an exploratory mixed methods study of the acceptability and effectiveness of mindfulness

However this is a rather subtle process and as this

Info iconThis preview shows page 1. Sign up to view the full content.

View Full Document Right Arrow Icon
This is the end of the preview. Sign up to access the rest of the document.

Unformatted text preview: known to play a significant role in maintaining generalised anxiety disorder [19]. Unlike CBT, the mindfulness-based approach does not explicitly aim to challenge beliefs about worry and instead focuses on changing participants' way of relating to worry itself. In theory, the repeated application of nonjudgemental attention to the process of worry (watching thoughts come and go without either blocking or following them) reduces habitual worrying and the distress associated with worrisome thoughts. However this is a rather subtle process and as this study shows is the easily open to misinterpretation. Although it is possible that the course was simply too short, and indeed the majority of participants thought that this was the case, the above examples indicate that for some patients MBCT may not affect significant change in key domains that maintain depression and anxiety. Interestingly, while Baer's review [18] suggest that mindfulness training has benefits across a wide range of disorders, Teasdale et al remain cautious about attempts "to apply mindfulness training indiscriminately, as if it were a simple, general-purpose therapeutic technology" [20]. Instead they suggest that mindfulness training "is best conducted by practitioners who have adequately formulated views of the disorders they wish to treat and of the ways that mindfulness training can be helpful to clients with those disorders". In the case of relapsing depression the problem is conceptualised in terms of ruminative thinking induced by low affect, which can turn brief periods of low mood into prolonged episodes of depression. It must also be remembered that the authors of the MBCT manual tailored the mindfulness exercises to nondepressed clients with a history of relapsing depression, teaching them to recognise and remain 'open' to difficult emotions without engaging in ruminative thinking. However, the results from this study suggest that MBCT may be of benefit to a wider range of patients than nondepressed patients with a history of relapsing depression. At th...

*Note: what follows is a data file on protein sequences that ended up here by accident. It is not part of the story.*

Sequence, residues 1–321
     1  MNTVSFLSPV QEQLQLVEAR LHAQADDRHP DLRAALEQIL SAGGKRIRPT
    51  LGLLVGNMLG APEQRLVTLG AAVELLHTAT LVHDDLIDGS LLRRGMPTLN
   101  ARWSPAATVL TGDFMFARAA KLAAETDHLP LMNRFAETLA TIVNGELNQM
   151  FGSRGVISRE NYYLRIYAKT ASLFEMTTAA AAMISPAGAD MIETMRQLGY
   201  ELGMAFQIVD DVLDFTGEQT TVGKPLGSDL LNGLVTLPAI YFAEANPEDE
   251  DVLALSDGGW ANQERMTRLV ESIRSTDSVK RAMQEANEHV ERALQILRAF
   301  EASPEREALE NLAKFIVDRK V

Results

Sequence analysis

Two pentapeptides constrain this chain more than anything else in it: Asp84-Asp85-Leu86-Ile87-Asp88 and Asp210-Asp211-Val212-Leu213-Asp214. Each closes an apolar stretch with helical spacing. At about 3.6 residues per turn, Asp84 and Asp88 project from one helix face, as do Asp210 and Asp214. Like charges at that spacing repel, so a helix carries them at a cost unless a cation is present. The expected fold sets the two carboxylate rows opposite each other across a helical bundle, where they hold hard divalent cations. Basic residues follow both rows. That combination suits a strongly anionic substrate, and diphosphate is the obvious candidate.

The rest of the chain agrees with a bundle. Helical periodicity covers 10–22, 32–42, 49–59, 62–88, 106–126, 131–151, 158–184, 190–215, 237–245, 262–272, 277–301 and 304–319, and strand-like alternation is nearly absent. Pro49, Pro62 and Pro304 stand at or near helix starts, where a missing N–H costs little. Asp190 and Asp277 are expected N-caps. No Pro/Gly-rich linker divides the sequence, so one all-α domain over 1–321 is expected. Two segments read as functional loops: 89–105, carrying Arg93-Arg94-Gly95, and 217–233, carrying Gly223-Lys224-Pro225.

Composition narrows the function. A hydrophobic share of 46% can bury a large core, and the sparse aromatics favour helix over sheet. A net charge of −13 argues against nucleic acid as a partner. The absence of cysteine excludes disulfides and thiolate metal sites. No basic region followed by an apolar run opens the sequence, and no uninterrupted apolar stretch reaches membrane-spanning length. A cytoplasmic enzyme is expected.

View Full Document

Ask a homework question - tutors are online